Ian Boyne, Contributor
They flew out the same day, both destined for the same place, North America; one captured, the other released from a major part of his nightmare - and one not of Portia's doing. Bruce Golding and Christopher 'Dudus' Coke had to change course.
Golding is no doubt wishing that all his problems could fly away as quickly as Coke did last week. It has been a tough, gruelling and arduous 10 months for him since the United States first made its request for Coke's extradition. He took daredevil risks with his political career and on one particular weekend in May, the entire Jamaica did not know who would emerge as prime minister the following week. Golding survived, pleaded for the country's forgiveness, pledged recommitment to an agenda of change and, most important, offered not his sacrificial lamb but gave up the Big Bad Wolf that everyone wanted to see caged.
Just a few weeks ago the name Dudus drove fear and terror into the hearts of Jamaicans. Most people longed for the day when the United States would relieve us of him, but dreaded equally what mayhem would be created if ever an attempt was made to capture him. But after forces loyal to him were foolish enough to burn police stations and kill security officers, the State invaded his previously inviolable base in Tivoli Gardens, the mother of all garrisons, and easily crushed the resistance. Coke himself fled like a scared cat, only to surface last week in the arms, as it were, of a beleaguered pastor, thanking the police for sparing his life and begging for people's prayers; with photos of him wearing a wig and looking like a drag queen.
It was the perfect storm which swept Dudus away from Jamaica's shores last week. When United States marshals hauled him away last Thursday, dispelling the once commonly held view that 'dem can touch Dudus', there was a combination of factors which culminated in that action. No government in a small developing country in America's backyard can defy US Government orders without national consensus and strong nationalistic will. When that country is obsessed with bling and American materialistic culture, addicted to US visas and cynical about politicians, any appeal to principles of justice would fall flat.
Couple that with growing disaffection with a political administration savaged by the worst global recession in nearly 70 years, punishing tax packages, a public sector wage freeze, fear of massive public sector layoffs, inability to settle agreed claims to powerful public sector groups, a hold-strain, austerity International Monetary Fund (IMF) budget, and a galloping crime rate, and you know you couldn't beat the US. With so much of our trade tied to the US, with tourism being our top earner, and so many of our citizens there - and perhaps even more wishing to get there - you see why we can't mess with the US.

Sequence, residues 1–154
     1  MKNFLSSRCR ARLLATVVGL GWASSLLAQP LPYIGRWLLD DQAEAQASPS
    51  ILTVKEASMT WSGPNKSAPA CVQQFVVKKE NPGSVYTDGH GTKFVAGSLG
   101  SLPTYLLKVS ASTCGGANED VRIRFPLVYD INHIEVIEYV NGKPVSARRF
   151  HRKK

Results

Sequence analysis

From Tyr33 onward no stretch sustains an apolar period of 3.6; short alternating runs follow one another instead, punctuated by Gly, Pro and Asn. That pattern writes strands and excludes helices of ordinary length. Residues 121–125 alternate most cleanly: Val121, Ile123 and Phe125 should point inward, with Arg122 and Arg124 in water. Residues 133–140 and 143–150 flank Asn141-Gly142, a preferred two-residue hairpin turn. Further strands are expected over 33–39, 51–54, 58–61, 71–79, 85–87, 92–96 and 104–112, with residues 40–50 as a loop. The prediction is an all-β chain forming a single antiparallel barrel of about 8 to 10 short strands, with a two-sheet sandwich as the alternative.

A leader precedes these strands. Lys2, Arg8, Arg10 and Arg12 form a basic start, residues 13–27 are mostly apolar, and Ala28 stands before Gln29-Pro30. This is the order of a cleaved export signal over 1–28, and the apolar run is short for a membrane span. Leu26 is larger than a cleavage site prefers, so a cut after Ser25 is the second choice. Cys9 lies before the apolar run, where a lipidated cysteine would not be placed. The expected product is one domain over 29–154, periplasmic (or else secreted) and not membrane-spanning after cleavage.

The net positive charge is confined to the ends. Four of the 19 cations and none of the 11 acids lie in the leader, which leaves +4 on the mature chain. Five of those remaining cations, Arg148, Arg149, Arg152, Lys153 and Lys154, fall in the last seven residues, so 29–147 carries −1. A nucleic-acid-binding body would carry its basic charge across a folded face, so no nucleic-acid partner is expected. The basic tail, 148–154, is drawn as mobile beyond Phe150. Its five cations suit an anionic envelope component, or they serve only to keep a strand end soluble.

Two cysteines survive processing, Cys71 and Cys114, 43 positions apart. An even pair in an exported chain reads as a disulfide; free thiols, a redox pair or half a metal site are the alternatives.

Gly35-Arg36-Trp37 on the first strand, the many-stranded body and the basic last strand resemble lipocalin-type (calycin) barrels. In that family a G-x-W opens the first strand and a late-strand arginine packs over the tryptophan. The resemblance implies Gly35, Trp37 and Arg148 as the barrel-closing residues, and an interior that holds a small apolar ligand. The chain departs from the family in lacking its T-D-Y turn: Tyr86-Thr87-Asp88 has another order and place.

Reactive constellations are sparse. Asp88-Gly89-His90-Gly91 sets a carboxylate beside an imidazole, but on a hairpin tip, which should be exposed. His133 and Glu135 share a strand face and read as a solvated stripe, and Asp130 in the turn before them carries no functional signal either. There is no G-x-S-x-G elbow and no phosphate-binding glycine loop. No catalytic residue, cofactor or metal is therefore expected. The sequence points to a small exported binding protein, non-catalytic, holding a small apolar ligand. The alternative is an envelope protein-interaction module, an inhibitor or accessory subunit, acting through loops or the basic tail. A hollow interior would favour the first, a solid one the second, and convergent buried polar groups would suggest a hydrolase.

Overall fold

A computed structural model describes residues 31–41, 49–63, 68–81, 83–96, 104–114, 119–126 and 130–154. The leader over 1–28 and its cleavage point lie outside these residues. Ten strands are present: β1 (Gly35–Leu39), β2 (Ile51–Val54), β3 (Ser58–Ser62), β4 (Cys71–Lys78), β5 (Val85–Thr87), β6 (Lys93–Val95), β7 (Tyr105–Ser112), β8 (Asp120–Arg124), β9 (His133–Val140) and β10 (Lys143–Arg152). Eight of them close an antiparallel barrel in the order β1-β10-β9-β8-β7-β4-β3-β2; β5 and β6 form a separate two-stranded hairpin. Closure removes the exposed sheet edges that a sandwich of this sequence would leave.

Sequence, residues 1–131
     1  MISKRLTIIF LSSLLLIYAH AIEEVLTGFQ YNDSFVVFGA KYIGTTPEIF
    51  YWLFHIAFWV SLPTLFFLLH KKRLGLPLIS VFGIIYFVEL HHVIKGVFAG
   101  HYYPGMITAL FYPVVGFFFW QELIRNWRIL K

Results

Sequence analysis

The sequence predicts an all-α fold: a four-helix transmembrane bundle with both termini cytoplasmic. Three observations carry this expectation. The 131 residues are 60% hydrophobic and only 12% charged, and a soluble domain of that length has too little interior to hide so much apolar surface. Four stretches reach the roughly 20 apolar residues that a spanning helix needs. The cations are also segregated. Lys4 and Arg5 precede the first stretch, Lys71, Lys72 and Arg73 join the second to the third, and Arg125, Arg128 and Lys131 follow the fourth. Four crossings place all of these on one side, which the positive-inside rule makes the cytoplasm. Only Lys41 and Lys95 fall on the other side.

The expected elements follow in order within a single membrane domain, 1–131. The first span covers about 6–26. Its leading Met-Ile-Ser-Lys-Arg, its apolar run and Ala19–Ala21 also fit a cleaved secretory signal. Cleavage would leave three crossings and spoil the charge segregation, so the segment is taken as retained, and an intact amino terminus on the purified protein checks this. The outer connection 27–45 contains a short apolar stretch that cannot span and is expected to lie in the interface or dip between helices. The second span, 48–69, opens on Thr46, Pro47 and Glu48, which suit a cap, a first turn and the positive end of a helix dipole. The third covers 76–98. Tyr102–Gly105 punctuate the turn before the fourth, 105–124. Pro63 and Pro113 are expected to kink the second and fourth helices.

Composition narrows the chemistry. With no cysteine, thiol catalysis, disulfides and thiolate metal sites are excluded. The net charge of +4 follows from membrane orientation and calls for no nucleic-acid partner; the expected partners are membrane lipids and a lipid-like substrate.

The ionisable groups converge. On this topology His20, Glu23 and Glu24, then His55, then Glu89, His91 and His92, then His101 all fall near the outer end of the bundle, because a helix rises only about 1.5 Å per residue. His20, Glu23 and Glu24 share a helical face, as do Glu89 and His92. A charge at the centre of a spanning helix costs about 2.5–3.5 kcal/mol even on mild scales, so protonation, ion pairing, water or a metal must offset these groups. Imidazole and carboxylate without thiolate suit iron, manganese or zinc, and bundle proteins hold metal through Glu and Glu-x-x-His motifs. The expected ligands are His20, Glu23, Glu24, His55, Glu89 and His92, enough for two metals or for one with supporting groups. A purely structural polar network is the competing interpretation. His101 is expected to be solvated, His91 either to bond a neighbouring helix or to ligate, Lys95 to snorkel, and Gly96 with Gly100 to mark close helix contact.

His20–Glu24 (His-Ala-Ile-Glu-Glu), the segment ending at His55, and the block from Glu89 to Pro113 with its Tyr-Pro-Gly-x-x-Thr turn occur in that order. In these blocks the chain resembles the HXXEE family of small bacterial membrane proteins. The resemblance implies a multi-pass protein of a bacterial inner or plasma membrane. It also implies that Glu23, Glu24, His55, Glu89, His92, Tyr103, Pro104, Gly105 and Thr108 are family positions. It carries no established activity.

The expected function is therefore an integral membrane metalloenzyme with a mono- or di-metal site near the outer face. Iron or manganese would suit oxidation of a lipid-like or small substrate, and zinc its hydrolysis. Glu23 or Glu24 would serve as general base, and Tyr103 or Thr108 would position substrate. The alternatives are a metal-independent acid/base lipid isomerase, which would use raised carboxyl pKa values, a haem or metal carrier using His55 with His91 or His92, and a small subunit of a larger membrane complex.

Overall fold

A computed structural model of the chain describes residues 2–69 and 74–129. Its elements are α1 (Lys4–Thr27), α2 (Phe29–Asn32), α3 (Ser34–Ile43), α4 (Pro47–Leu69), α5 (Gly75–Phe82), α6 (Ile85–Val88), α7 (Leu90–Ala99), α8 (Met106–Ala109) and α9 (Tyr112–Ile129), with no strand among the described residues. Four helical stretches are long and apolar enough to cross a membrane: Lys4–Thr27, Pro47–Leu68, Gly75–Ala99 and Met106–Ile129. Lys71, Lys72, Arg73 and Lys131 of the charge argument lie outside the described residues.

Not even when we have a good reason to do so, let alone when there was widespread suspicion that the country's interests and welfare were being held hostage for one alleged drug smuggler and gunrunner who was the strongman in the constituency of the individual "taking the fight to the United States".
The prime minister raised issues of treaty violation and issues involving the human rights of a Jamaican citizen. Let us all admit it: while most of us had never even glimpsed Dudus and he was never convicted in our court of law, all of us have pronounced him guilty of every single charge we have heard against him. We were in no mood to entertain even the possibility that the PM could really be standing up for human rights and justice. Indeed, most people were convinced the PM's reasons were a charade, a smokescreen. To most people, including Labourites themselves, it was just that the prime minister had to protect Dudus, his strongman, and could not afford to risk the wrath of his constituents by turning over their 'Lord and Father'.
There was something else, too. This country had reached the boiling point - the overflow - with regard to political donmanship. We have been fed up, sick to the point of vomit, over the blend of politics and criminality. We heard too many stories. We knew too much. We knew politicians were in bed with gunmen. We know the runnings and the dealings between politicians and criminals. Any perception that our prime minister could be deliberately stalling and dithering on an extradition issue involving the most feared strongman in Jamaica had to be potentially fatal to his career.
True to the facts
The prime minister, in his own apology, admitted that he knew that his public position on issues of law and justice vis-a-vis Dudus would not be believed and that people would think he was just protecting his own but he felt he had to be true to the facts, as he saw them. At this point, some of you are using expletives! Golding himself expected strong opposition to his position but what he miscalculated was how strong, sustained, and systematic would be that opposition.